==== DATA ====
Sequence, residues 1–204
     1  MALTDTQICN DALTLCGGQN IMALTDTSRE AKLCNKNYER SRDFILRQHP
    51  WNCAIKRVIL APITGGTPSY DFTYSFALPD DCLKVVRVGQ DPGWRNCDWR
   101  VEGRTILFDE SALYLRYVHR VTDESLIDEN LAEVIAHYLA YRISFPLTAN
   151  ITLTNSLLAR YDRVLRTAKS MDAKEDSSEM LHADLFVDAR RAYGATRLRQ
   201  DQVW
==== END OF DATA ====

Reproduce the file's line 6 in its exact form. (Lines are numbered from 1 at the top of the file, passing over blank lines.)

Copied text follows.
   201  DQVW